Fabien Barthez was – and probably still is – a nutter of the highest order. The French goalkeeper was giving fans heart palpitations long before it was cool.
Yer’ dad hated it. And that’s exactly how you know he was onto something. A trailblazer, Barthez was a goalkeeper way ahead of his time.
Revisionism is a wonderful thing in the age of social media, but there is a strong case to be made that the eccentric bald Frenchman would be a goalkeeper that would command a nauseatingly high transfer fee if he was playing today.
Or not. Because he’d probably have too much of an itch to do something silly in his off-season like test drive the fastest motorsport car he could possibly blag his way into.
That’s essentially the route he took after hanging up the gloves in 2007, except it got him hilariously far. Further than any football fan would’ve ever imagined.
Having put together a truly exceptional footballing CV, which included winning the 1998 World Cup with France on home soil, winning the Champions League with Marseille, two Premier Leagues with United and countless individual honours, Barthez’s legacy was set in stone by 2007.
He needed to prove nothing. Everyone knew what he was about. Being absolutely imperious at his best, and a complete liability at his worst.
Quite often, those two opposite ends of the spectrum would tangle with each other. Too often, in Manchester, which is why he wasn’t able to sustain his position as number one.
We say number one, we mean number 16 because that’s the number the Frenchman insisted on wearing.
One of the many quirks that made Barthez stick out from the rest, along with his stunning technical ability, gung-ho approach to every loose ball, and magnificent bald head.
Happy birthday Fabien Barthez, you properly mad bastard.
How much would he be worth in today's market? pic.twitter.com/nqvOlgD7pi
— Planet Football (@planetfutebol) June 28, 2023
Not needing to prove anything wasn’t enough for him, though. A man fascinated by motorsport for much of his football career, it took Barthez just a year to swap goalkeeper gloves for racing gloves, and his trademark short-sleeve shirt for overalls.
Anyone with their finger on the pulse, though, would’ve half expected the move. Not just because he was a bit of a lunatic, but because Barthez had expressed his interest in motorsport as early as 1998.
Speaking to former France international and once colleague Bixente Lizarazu for a 2018 documentary called Brothers of Sport, Barthez recalled memories of a conversation with French former racing driver Olivier Panis: “I spoke to Olivier during the summer. I asked him if I was a World Cup-winning footballer.”
In some disbelief about his football career at the time and fascinated by racing, Barthez continued: “It all happened so quickly. We had no time to really live in the present. I was asking myself, ‘What just happened?'”.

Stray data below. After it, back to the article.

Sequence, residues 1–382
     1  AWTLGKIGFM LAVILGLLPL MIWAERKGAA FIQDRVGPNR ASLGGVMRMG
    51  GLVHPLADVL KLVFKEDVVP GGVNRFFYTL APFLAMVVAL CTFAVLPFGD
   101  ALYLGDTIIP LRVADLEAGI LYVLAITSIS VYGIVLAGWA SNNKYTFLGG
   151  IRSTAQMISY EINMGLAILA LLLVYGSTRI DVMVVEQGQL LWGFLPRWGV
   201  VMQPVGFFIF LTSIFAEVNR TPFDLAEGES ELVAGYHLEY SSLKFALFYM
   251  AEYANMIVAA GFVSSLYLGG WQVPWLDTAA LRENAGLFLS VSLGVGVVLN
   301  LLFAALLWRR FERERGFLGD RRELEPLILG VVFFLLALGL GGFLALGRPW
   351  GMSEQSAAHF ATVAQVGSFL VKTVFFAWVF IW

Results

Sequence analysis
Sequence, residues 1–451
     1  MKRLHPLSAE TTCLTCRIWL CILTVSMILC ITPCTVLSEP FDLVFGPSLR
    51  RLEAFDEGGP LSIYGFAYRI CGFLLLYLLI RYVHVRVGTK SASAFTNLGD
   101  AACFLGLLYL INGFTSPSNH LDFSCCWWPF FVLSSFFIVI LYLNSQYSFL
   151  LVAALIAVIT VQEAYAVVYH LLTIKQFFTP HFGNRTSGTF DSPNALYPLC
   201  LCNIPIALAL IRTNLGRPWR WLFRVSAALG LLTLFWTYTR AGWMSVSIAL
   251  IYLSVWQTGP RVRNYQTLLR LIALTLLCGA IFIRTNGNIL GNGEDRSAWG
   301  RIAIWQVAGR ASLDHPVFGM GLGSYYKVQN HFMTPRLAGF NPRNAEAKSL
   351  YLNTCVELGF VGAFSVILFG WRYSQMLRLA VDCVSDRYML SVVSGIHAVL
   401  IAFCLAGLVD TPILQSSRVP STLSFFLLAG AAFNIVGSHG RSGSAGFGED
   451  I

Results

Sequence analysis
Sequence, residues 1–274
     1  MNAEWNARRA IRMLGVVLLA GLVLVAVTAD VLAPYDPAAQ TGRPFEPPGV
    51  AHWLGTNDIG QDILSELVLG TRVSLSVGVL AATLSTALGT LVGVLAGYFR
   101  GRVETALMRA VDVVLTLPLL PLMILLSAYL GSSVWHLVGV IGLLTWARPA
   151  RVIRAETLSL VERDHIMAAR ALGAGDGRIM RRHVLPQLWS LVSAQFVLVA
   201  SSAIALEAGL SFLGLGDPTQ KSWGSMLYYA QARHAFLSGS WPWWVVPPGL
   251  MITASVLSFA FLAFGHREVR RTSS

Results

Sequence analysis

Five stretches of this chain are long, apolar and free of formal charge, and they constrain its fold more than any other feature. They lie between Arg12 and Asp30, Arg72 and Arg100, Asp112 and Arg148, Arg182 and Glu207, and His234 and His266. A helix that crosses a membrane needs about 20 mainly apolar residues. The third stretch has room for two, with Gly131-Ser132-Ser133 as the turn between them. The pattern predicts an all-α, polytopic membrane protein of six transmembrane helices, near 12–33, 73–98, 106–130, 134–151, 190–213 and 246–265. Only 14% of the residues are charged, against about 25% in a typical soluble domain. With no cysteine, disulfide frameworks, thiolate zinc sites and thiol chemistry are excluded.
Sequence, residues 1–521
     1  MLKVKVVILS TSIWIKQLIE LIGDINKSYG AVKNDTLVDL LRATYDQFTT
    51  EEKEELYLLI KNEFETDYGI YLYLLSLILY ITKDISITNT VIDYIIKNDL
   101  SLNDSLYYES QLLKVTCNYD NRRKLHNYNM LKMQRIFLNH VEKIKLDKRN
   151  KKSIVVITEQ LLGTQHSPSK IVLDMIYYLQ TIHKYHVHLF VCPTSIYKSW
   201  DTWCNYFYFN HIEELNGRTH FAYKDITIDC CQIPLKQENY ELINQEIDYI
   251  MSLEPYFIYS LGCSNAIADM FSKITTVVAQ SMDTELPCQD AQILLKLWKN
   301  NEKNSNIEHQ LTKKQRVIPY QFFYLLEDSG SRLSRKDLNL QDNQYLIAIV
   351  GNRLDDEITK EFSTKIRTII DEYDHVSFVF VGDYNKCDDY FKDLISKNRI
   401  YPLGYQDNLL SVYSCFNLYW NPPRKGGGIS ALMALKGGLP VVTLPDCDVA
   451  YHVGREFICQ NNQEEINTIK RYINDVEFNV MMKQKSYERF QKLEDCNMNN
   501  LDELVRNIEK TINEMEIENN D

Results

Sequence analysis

Panis, a 10-year Formula One veteran whose only win came at the 1996 Monaco Grand Prix, would later end up working directly alongside Barthez in motorsport all those years later, when the pair formed Panis-Barthez Competition – a French racing team that competed in GT and endurance classifications including the European Le Mans Series and the 24 Hours of Le Mans.
He had to earn his stripes, though, did Fabien. It wasn’t as simple as retiring and ringing up an old acquaintance. He did it the proper way. The way only he could.
In 2008, he began competing at the Porche Carrera Cup France and continued to increase the mileage across different competitions. He’d continue to find his feet in sports car racing, competing in the French GT Championship and eventually picking up his first podium at the FFSA GT Championship in 2010.
That was it, then. There was no stopping the man. Swapping the bald head for a racing helmet, Barthez continued to put in the laps. By 2012, he’d finally won his first FFSA race, and a year later, he was lifting championships again – in his new sport.
Barthez, driving a Ferrari, won the 2013 French GT Championship alongside Morgan Moullin-Traffort. That should’ve been the culmination of a magnificent post-playing career – but it wasn’t.
Not satisfied with his body of work, he kept going. And he didn’t stay in his own lane, either. Pun absolutely intended.
In 2014, Barthez would embark on probably his biggest challenge yet; the 24 Hours of Le Mans. For any non-motorsport fans, that is exactly what it says on the tin. A 24-hour long race, in specially crafted cars, which is the ultimate test of endurance, driving ability, and cojones.
It would prove to be the first of three times he’d take part in the race, the two further entries coming in 2016 and 2017 as a part of his very own Panis-Barthez Competition.
For a man that achieved everything one could want to achieve in football, Barthez went above and beyond, confirming his place in the history books as an elite sportsperson, an incredibly talented and charismatic human, and above all, an absolute lunatic.
By Mitchell Wilks